The liturgy of Holy Thursday in the Greek Orthodox Church is marked by two major events: the Last Supper of Christ with His disciples and the betrayal by Judas Iscariot.
The Last Supper is the ultimate revelation of God’s redeeming love for man, of love as the very essence of salvation. Also, by washing His disciples’ feet, Jesus wants to teach them that they need to be humble, in order to serve their fellow man with love.
While the disciples were enlightened at the washing of their feet before the supper, the betraying Judas was darkened by the disease of avarice. Jesus knew he would be betrayed, but he was to forgive Judas, because the forgiveness of sinners is a major part of the Christian faith.
After Judas had left, Jesus handed the Sacrament of the Eucharist to his disciples.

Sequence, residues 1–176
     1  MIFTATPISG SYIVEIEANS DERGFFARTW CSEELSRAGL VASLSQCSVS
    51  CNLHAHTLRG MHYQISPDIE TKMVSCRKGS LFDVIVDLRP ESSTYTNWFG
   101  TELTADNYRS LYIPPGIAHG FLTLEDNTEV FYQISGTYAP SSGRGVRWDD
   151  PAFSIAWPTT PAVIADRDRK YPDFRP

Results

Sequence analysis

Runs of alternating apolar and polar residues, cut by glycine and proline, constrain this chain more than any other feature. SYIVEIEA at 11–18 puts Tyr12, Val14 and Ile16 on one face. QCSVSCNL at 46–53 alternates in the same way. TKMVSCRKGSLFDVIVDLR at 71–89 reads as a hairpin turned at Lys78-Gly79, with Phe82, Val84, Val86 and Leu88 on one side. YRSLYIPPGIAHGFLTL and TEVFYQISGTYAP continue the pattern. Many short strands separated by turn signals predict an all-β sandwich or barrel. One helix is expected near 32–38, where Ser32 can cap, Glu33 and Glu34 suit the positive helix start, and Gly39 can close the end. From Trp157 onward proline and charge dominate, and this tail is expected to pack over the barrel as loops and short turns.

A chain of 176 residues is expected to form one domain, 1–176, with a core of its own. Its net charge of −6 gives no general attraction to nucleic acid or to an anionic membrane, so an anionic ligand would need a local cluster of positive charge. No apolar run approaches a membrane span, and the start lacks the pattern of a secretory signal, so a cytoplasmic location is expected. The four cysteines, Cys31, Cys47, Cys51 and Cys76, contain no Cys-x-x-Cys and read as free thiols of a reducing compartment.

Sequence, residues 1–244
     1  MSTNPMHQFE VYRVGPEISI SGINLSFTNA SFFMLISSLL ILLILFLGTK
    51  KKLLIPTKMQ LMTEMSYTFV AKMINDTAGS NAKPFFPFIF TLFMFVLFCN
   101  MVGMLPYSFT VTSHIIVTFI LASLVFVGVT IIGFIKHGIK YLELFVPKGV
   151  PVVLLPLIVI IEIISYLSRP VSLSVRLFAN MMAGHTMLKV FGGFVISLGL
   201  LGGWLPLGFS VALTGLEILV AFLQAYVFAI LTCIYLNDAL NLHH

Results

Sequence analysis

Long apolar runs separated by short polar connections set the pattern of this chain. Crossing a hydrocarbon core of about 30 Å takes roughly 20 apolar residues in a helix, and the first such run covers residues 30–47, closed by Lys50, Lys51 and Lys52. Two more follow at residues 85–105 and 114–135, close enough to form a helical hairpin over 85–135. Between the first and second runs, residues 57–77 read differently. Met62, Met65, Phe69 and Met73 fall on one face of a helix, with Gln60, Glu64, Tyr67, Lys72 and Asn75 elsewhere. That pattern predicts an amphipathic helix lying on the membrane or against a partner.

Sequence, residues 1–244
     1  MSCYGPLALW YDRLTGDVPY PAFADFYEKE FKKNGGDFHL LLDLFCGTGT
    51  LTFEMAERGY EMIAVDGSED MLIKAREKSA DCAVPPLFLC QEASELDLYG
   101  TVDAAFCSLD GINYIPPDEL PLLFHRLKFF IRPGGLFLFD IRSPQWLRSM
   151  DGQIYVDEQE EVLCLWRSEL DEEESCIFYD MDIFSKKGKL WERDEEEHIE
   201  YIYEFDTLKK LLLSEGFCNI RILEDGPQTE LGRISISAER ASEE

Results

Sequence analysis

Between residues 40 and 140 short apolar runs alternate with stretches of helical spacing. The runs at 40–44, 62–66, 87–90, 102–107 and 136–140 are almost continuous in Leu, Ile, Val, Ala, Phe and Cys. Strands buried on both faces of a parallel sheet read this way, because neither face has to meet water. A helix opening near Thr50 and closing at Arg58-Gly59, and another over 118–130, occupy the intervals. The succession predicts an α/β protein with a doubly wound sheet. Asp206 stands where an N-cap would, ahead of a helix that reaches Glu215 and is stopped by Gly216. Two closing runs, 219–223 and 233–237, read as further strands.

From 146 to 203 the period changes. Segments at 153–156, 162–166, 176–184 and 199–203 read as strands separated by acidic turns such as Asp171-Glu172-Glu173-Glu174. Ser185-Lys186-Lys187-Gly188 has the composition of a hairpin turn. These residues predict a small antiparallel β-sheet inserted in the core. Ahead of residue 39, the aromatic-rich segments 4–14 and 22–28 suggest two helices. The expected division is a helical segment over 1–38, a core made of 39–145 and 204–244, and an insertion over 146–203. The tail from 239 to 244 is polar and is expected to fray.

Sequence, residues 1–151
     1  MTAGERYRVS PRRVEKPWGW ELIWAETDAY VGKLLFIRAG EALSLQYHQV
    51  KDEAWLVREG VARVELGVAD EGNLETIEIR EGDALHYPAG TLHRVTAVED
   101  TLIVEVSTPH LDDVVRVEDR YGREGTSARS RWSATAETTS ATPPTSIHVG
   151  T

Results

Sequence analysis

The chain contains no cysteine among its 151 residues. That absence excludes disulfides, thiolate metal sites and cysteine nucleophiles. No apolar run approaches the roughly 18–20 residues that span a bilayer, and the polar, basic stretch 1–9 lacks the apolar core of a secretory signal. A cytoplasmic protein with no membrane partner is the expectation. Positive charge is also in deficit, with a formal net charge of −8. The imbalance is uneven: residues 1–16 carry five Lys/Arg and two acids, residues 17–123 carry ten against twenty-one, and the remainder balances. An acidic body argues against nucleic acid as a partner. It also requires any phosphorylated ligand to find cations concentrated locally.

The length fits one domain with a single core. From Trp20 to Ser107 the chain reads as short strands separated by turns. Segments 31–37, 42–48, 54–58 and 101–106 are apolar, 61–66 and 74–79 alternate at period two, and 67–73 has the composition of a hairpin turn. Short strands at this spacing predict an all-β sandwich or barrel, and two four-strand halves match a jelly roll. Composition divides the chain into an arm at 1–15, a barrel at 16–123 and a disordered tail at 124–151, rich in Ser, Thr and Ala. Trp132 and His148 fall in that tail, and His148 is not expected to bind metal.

In the evening, anticipating the Matins of Friday morning, the Holy Passion service is one of the most crucial and longest in the Holy Week. The reading of the Twelve Gospels is conducted. In these readings Christ’s last instructions to his disciples are presented, as well as the prophecy of the drama of the Cross, Christ’s prayer, and his new commandment.
On Holy Thursday Greek households are filled with the smell of the Easter tsoureki, the special sweet bread made to be eaten on Easter Sunday. The kneading of the tsoureki is of great importance. It is usually round with an Easter egg in the middle and, depending on the region, it contains various spices. Smaller tsourekia are also made for children, usually in the shape of animals.
Holy Thursday is the day that Greek housewives dye the Easter eggs. The eggs are mostly dyed red to symbolize the blood of Christ. Through the years, easter eggs are also dyed in different colors and have decorations like stamps or drawings for children.